Concerned mom submitted the following question to Peace At Home:
Feeling super disappointed as I write this… It’s the first week of Pre-K for my almost 5-year-old, and at drop off today, the teacher pulled Todd aside to let him know that our son was being mean to a little boy in his class yesterday. This particular boy has very long hair that he wears in a ponytail. Our son was telling him that he was a girl because he has long hair.
I am feeling so sad about this because we are trying hard to raise our boys to be accepting of others, even if they are different from them. I’m also feeling pretty angry that my kid was being mean. I feel that there is a difference between being curious about differences – which I would think would be a normal thing that is going on at this age – and making fun of those differences.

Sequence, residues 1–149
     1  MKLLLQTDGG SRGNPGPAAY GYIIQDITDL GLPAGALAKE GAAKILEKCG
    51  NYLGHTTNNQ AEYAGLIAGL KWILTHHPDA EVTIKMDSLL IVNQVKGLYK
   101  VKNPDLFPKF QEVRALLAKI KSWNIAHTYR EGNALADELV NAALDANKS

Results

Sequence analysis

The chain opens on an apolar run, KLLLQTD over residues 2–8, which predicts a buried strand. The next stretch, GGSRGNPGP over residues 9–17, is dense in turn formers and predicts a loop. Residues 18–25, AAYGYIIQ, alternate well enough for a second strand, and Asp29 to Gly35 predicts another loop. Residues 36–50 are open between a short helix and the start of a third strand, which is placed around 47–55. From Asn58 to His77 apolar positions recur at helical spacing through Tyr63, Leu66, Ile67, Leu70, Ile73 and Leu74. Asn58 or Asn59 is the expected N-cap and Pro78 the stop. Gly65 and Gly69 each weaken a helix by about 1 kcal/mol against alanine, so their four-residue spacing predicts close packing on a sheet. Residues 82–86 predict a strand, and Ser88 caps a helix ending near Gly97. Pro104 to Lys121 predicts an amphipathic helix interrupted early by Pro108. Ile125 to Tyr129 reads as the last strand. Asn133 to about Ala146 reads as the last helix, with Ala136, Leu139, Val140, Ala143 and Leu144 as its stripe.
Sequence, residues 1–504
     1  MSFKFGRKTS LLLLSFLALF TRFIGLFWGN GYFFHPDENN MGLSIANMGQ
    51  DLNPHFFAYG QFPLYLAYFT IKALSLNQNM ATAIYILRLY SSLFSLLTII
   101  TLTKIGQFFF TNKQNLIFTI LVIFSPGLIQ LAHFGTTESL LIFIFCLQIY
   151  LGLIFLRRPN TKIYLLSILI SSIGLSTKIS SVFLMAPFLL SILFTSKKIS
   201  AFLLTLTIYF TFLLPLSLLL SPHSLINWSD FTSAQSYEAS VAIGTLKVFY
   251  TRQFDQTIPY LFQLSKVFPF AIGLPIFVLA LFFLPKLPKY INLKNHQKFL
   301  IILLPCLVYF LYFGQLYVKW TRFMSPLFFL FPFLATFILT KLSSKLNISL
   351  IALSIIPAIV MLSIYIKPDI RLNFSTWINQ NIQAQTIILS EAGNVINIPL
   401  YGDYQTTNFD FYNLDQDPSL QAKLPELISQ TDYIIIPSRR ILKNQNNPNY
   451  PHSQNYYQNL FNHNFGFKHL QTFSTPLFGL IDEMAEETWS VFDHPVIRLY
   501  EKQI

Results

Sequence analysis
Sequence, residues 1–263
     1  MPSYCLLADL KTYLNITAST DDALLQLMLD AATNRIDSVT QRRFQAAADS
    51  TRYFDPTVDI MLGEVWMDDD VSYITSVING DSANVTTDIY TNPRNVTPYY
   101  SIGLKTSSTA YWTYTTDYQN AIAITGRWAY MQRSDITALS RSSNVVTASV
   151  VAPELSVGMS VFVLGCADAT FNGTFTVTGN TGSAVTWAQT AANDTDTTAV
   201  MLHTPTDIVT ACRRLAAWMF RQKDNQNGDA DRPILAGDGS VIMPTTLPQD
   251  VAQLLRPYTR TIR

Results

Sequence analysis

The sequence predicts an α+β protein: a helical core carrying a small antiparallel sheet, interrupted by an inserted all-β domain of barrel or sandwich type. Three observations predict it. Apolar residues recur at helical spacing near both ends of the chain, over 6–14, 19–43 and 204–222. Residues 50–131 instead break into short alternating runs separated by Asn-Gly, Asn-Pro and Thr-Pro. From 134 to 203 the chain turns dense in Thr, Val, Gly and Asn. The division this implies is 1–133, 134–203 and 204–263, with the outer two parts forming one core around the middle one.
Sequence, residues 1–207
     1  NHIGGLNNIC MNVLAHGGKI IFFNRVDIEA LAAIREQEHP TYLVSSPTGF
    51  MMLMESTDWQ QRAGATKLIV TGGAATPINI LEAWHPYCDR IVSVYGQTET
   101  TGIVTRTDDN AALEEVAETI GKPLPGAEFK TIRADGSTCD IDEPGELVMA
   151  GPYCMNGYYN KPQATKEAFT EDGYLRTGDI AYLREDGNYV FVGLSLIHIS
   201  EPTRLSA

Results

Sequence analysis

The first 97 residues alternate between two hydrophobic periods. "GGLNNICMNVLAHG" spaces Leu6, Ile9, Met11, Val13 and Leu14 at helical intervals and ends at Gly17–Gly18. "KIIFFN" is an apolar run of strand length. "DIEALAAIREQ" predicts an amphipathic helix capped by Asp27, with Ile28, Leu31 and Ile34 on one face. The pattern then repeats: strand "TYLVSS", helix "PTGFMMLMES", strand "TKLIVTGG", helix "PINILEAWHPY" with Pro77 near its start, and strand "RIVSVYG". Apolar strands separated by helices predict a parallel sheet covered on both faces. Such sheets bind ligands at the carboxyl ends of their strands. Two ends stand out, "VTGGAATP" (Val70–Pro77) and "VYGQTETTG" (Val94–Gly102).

Cora Megan, MA, Peace At Home teacher offers a response:
Until about age of 6 or 7, children base gender perceptions entirely on broad assumptions of appearance. For example, anyone with short hair must be a boy and anyone with long hair must be a girl. Much of the conversation that happens around these topics in a Pre-K classroom revolve around simply trying to sort this stuff out, while learning how their words influence others.